When you're not writing, how do you spend your time?
I'm a bit of a risk taker when it comes to activities outside of writing. Most of the time, I can be found playing rugby, or training at the very least. I'm not particularly great at it and a lot of people are always surprised because they think of me as being quite gentle and small (so not at all like a rugby player!), but it's a great way of getting me away from my desk and clearing my head. Beyond that, a lot of my activities involve some element of risk (or at least thrill seeking) - paint balling, high-wire activities, theme parks, trampolining. Basically if I have to sign a waiver, there's a reasonable chance that I'll do it.
How do you approach cover design?
I'm not an artist, but I can visualise the book covers in my head. For The Bluebell Informant, I probably spent a good few days trying to crudely sketch out how I wanted the cover to look like. Then I used my rather pathetic Photoshop skills to put together a rough version of it. That's pretty much as far as I can go on my own - from that point on I hand it over to the professionals. I let them have relatively free reign with it, but I give my sketches as a reference so they can see how I'm approaching it. Sometimes they come up with exactly what I imagined, sometimes they come up with something better. It's a collaborative process really. The important thing it to find a cover designer who understands the tone and look that you're after. Once you find that designer, you end up using them for everything!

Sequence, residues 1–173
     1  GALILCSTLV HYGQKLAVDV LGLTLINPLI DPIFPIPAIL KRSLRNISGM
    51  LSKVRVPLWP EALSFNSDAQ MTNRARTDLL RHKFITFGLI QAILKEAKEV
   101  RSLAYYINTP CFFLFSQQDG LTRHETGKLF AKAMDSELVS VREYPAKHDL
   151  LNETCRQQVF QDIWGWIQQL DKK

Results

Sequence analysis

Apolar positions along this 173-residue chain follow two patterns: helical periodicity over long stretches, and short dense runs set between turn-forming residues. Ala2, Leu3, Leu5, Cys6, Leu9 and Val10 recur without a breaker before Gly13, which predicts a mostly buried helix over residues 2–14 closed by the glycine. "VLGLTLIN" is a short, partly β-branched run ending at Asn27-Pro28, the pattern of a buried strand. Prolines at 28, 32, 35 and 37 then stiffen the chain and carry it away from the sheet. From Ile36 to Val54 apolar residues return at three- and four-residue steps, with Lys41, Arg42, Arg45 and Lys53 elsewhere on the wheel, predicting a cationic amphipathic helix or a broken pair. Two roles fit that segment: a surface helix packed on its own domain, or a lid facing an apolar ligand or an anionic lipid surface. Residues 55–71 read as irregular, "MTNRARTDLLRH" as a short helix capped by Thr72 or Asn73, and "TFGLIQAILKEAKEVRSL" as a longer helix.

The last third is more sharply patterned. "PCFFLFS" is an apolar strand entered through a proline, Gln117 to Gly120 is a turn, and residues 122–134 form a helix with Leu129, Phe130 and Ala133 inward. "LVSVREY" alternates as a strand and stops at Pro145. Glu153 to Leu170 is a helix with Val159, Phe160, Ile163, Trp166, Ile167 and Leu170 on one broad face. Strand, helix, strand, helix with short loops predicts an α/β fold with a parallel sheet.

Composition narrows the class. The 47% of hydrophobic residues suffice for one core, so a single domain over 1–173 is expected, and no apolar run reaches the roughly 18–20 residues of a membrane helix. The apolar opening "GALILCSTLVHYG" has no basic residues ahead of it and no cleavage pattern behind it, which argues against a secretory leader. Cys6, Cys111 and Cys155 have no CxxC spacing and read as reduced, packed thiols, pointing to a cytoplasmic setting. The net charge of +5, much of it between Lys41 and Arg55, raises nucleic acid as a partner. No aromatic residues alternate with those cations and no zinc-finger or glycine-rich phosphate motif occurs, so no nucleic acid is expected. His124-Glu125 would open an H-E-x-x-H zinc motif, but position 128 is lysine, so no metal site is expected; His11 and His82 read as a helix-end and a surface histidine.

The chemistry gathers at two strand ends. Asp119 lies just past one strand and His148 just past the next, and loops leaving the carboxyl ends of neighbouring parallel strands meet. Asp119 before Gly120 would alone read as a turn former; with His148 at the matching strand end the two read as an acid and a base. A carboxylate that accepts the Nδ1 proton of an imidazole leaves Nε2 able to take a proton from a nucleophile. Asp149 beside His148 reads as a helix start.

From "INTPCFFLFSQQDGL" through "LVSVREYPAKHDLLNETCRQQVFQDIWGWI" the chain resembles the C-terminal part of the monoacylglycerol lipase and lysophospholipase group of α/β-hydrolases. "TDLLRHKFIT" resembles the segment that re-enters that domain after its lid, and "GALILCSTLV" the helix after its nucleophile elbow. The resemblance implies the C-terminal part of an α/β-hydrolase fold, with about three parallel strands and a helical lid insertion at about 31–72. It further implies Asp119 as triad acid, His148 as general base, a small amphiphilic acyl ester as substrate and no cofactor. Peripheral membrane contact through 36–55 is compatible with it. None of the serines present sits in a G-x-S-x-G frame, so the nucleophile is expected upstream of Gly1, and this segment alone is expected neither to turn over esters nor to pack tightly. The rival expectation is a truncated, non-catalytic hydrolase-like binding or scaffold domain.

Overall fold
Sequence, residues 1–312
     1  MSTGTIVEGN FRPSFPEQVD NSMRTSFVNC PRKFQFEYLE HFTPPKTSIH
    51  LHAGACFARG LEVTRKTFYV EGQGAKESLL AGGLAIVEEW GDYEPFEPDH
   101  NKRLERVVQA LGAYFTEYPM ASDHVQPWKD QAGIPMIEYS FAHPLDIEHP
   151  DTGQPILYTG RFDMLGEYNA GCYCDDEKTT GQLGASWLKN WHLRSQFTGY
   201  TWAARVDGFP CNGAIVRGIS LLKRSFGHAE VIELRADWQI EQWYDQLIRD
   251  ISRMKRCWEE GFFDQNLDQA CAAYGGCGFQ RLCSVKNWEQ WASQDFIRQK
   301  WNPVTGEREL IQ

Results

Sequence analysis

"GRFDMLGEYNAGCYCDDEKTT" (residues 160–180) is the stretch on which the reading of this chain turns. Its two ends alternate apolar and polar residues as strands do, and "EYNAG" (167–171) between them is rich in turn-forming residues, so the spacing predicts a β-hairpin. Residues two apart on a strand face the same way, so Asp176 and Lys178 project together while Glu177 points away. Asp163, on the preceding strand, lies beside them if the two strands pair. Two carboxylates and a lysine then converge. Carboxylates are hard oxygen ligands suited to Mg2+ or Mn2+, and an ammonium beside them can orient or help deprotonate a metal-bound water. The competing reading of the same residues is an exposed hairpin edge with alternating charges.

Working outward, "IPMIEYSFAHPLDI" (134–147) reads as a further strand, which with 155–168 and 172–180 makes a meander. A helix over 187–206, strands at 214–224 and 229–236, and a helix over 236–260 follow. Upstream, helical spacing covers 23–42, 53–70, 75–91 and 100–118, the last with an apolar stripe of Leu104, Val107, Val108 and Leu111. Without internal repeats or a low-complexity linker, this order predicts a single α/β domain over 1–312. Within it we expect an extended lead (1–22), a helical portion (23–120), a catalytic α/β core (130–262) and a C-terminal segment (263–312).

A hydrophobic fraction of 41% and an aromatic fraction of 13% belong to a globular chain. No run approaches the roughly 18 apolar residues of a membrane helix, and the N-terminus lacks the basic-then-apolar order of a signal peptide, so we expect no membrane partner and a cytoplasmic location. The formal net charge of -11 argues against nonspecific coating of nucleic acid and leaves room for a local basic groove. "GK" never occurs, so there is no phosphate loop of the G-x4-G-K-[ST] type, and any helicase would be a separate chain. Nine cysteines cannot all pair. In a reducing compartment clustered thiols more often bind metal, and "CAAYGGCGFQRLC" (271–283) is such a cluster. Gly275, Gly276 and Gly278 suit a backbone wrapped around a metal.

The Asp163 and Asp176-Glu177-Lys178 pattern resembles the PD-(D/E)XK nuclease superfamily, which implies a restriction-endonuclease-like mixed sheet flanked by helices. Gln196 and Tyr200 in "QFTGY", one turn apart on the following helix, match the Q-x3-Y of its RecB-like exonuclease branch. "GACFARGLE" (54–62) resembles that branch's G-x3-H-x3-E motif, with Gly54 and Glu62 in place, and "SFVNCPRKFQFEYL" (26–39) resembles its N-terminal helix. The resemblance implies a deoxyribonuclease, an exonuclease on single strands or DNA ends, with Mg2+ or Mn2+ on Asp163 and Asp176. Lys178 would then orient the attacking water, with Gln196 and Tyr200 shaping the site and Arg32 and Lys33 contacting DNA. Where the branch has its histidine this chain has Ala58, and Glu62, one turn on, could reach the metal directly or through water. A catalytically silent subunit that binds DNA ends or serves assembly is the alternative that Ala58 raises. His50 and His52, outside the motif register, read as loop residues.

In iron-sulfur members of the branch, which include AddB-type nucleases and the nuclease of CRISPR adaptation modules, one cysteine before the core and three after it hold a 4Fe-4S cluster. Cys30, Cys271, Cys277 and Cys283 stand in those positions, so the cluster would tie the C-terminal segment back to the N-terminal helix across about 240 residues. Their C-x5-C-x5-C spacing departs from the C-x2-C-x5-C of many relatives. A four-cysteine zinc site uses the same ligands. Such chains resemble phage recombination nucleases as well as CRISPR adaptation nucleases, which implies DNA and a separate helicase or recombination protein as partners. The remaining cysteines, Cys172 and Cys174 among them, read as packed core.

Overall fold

What are your five favorite books, and why?
1. The Devil's Detective by Simon Kurt Unsworth - a brilliant example of gothic literature intertwined with an engaging detective story.
2. Time and Time Again by Ben Elton - a fantastic, time-travel, adventure thriller. I'm massively into my What If? history so this book about a man trying to stop WW1 from happening was a fantastic read.
3. The Cinderella Murder by Mary Higgins Clark and Alafair Burke - a nice crime story that intertwines the dual roles of the police and media investigations in a cold-case murder investigation. It's an utterly captivating approach.
4. And Then There Were None by Agatha Christie - A great, classic thriller. It hasn't dated at all and I literally can't put it down if I start reading it.
3. The Murder Bag by Tony Parsons - A good, solid crime thriller. The main character is so engaging and I particularly like the modern spin and references to Jack the Ripper that occur throughout the story.
Published 2017-04-12.
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Books by This Author

The Bluebell Informant
Price: Free! Words: 78,810. Language: English. Published: April 11, 2017. Categories: Fiction » Mystery & detective » Women Sleuths, Fiction » Mystery & detective » Traditional British
(4.50)
How do you catch a killer who is already dead? When DS Evelyn Giles is called to a murder scene, it seems like an open-and-shut case. But when the prime suspect reveals a horrifying secret, Giles' past comes back to haunt her. Her greatest nemesis - the Bluebell Killer - is still out there. And very much alive...